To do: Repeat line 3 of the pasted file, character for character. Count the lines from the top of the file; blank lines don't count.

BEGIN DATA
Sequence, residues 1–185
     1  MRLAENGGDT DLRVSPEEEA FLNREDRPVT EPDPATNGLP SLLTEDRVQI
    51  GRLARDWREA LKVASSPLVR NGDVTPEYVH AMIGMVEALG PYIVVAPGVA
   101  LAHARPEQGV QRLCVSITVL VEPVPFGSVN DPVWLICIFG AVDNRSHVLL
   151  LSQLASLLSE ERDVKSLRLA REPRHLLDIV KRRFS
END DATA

    51  GRLARDWREA LKVASSPLVR NGDVTPEYVH AMIGMVEALG PYIVVAPGVA